-- we remove keys older than now - window_size
    local clearBefore = now - ruleset[pgname][2]
    redis.call('ZREMRANGEBYSCORE', pgname, 0, clearBefore)
    -- we get the count
    local amount = redis.call('ZCARD', pgname)
    -- we add to sorted set if allowed ie the amount < limit
    if amount < ruleset[pgname][1] then
        redis.call('ZADD', pgname, now, now)
    end
    -- cleanup, this expires the whole set in window_size secs
    redis.call('EXPIRE', pgname, ruleset[pgname][2])
    -- calculate the remaining amount of requests. If >= 0 then request for that window is allowed
    scores[i] = ruleset[pgname][1] - amount
end
return scores

The script I came up is just a mixup of 2 of those 2 excellent blog posts (see [4] and [5])

The idea is the following: on each api call, a key identifies the user calling it, in asgi_rate_limiter it takes the following shape:
path:user:name where name is one of <second|minute|hour|day|month>

So should we take the config from the beginning as an example, when user1 wants to access this /multiple endpoint (note this can match several urls as it's a pattern) (config={r"^/multiple": Rule(second=5, minute=100, hour=1000)}) we would set on every api call three keys /multiple:user1:second ,/multiple:user1:minute and /multiple:user1:hour

For each redis key, the corresponding value will be an ordered set of timestamps, and the number of items in the ordered set will determine the amount of calls we made on that key.

In order to do that we will loop over each key and do 4 things, in order:

  1. remove from this sorted set of timestamps the values that are older than clearBefore = now - window_size : it's a sliding window and they should not count against the number of calls left. It's done with the ZREMRANGEBYSCORE 0 clearBefore [6] command (now looking at the docs I realize it's deprecated !) which will returns all elements of the set between 0 and clearBefore
  1. get the current count in the ordered set with ZCARD [7]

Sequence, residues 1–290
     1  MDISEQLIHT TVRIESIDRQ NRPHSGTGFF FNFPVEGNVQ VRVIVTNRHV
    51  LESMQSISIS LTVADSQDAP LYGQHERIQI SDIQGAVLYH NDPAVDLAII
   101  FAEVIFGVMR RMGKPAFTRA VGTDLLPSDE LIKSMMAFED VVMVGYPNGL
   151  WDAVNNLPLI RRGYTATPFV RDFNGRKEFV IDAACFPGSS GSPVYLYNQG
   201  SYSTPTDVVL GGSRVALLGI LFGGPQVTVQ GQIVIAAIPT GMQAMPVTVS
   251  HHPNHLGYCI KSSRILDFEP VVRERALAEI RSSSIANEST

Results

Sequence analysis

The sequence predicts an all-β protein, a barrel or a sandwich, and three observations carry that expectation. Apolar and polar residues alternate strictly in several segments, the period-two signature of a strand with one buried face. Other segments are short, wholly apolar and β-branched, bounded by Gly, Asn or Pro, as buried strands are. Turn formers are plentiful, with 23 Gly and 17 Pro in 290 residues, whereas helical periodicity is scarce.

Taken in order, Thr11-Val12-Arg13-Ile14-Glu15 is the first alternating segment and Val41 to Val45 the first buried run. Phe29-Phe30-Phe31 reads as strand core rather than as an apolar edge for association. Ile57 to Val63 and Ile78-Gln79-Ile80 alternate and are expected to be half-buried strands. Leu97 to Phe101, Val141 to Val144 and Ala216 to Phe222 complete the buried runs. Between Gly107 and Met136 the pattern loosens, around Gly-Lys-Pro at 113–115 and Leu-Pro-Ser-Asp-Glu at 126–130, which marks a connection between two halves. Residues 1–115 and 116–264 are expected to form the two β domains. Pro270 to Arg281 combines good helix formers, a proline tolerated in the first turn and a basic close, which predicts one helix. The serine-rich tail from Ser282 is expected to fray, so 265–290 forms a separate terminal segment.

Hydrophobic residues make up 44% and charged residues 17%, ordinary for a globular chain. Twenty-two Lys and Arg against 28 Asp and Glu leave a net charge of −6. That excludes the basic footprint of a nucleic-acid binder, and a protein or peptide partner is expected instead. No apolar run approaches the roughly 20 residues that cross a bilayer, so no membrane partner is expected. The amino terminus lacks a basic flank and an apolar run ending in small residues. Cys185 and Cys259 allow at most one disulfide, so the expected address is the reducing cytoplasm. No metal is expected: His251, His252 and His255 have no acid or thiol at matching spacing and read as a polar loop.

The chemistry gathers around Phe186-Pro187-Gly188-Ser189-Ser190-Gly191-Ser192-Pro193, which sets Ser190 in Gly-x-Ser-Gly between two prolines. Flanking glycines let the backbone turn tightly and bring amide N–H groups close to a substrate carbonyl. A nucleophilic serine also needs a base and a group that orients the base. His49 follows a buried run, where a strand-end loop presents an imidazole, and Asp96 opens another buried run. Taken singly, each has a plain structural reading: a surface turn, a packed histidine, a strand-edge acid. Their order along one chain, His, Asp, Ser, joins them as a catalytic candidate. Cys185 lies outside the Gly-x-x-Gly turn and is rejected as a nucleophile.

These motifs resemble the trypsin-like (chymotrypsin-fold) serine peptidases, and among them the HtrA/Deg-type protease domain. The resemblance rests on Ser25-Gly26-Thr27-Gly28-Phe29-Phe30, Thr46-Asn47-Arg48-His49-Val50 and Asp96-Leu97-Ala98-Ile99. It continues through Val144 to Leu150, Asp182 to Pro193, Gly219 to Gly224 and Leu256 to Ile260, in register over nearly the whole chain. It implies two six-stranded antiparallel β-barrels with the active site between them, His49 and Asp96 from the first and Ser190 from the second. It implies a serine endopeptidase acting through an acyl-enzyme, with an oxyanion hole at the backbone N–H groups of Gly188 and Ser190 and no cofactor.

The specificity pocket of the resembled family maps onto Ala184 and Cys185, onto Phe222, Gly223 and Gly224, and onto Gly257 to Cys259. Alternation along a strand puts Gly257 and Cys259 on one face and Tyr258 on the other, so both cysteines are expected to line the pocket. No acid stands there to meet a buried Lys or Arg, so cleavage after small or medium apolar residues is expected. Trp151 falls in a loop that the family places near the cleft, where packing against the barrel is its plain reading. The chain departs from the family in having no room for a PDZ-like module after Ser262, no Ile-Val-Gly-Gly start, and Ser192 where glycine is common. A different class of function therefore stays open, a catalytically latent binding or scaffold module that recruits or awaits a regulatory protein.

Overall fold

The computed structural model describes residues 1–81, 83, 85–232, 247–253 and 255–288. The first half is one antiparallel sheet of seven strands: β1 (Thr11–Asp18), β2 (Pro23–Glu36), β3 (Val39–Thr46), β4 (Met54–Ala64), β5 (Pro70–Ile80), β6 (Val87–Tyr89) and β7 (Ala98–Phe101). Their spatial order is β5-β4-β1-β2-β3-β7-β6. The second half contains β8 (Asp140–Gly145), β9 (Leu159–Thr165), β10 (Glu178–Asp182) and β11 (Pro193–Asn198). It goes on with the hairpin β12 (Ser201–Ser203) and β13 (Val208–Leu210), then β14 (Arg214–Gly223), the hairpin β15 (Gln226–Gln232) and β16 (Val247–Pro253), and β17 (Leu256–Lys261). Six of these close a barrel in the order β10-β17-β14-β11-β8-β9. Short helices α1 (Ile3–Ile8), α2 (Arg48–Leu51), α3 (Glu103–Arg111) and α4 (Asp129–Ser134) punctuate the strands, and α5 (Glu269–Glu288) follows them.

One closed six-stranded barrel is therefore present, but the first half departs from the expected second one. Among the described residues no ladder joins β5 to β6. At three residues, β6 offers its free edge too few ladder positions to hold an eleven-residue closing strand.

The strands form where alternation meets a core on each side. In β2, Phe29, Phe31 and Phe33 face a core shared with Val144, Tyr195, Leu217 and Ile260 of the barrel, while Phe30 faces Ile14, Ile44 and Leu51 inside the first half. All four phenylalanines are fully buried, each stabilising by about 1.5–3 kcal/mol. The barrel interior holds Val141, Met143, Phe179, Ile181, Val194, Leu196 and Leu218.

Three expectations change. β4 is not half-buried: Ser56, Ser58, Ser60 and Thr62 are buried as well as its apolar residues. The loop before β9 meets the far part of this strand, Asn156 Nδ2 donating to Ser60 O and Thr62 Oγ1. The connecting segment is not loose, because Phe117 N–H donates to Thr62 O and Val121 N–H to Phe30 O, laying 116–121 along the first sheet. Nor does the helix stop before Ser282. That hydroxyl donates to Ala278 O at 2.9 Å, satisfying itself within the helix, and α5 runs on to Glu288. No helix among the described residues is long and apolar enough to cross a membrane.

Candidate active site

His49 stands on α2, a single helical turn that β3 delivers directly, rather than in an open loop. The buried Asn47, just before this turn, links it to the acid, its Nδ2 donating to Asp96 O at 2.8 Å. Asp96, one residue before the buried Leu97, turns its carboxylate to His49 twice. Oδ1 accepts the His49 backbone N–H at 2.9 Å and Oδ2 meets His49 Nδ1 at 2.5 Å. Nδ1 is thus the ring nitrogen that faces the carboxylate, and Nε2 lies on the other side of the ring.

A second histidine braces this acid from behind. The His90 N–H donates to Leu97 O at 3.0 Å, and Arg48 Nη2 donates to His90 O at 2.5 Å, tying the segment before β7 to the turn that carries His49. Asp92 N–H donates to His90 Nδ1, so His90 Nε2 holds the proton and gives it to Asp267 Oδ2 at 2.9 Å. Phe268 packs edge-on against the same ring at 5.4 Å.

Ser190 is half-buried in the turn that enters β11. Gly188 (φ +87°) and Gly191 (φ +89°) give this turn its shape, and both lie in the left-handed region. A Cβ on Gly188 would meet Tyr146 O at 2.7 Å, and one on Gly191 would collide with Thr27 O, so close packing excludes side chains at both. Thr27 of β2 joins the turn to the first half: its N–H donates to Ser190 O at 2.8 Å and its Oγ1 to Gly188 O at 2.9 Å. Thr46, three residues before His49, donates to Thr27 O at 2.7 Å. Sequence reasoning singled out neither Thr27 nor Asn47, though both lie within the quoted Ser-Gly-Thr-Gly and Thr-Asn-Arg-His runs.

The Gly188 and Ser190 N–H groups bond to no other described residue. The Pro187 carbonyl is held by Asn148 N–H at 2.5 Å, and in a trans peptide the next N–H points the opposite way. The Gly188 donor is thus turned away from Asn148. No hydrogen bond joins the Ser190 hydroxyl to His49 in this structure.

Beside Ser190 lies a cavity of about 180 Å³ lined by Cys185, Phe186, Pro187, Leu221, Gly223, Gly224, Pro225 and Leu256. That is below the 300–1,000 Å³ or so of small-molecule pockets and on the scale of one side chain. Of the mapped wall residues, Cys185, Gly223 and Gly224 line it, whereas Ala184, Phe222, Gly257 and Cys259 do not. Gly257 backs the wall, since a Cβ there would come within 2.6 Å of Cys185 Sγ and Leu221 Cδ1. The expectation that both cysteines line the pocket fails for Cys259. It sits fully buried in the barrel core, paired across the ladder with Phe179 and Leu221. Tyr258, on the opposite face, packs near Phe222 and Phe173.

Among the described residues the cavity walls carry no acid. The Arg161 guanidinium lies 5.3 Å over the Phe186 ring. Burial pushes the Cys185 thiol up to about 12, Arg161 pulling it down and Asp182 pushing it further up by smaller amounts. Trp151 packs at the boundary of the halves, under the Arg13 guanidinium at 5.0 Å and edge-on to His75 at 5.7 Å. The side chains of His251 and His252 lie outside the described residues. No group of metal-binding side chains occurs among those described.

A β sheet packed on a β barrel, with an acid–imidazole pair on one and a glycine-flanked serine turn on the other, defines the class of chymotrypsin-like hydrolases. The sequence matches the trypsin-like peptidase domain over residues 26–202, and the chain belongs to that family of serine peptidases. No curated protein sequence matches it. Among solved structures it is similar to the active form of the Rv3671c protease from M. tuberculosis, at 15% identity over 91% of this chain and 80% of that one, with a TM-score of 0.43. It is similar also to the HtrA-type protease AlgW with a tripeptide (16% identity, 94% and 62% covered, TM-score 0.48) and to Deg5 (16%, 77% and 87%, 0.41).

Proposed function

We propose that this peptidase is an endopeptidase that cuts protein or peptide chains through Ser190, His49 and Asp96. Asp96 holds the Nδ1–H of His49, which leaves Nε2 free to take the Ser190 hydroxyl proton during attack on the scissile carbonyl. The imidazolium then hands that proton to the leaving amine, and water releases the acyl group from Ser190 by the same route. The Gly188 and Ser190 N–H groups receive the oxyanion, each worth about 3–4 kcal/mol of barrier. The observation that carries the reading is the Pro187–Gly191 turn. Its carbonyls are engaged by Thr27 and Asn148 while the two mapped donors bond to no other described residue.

1. add the current timestamp to the set if we are below the limit, with ZADD [8]
  1. technically not required, set an expiration of length window_size to the key so that we save space

Once all that is done, we calculate a score wich equals to the limit minus the amout, and we return the array of scores for each key.

The rest of the python script will allow the request if all scores are strictly positive.

Note that in this implementation a blocked actions still counts against you, I'd be interested in seeing if this can be done without.

Sources I liked during this quick journey, in no particular order ([9], [10], [11], [12])


  1. https://florimond.dev/blog/articles/2019/08/introduction-to-asgi-async-python-web/ ↩︎

  2. https://github.com/abersheeran/asgi-ratelimit ↩︎

  3. https://redis.io/topics/ldb ↩︎

  4. https://blog.callr.tech/rate-limiting-for-distributed-systems-with-redis-and-lua/ ↩︎

  5. https://levelup.gitconnected.com/implementing-a-sliding-log-rate-limiter-with-redis-and-golang-79db8a297b9e ↩︎

  6. https://redis.io/commands/zrangebyscore ↩︎

  7. https://redis.io/commands/zcard ↩︎

  8. https://redis.io/commands/zadd ↩︎

  9. https://outcrawl.com/rust-redis-rate-limiting ↩︎

  10. https://github.com/januszry/redis-rate-limiter ↩︎

  11. https://www.binpress.com/rate-limiting-with-redis-1/ ↩︎

  12. https://www.binpress.com/rate-limiting-with-redis-2/ ↩︎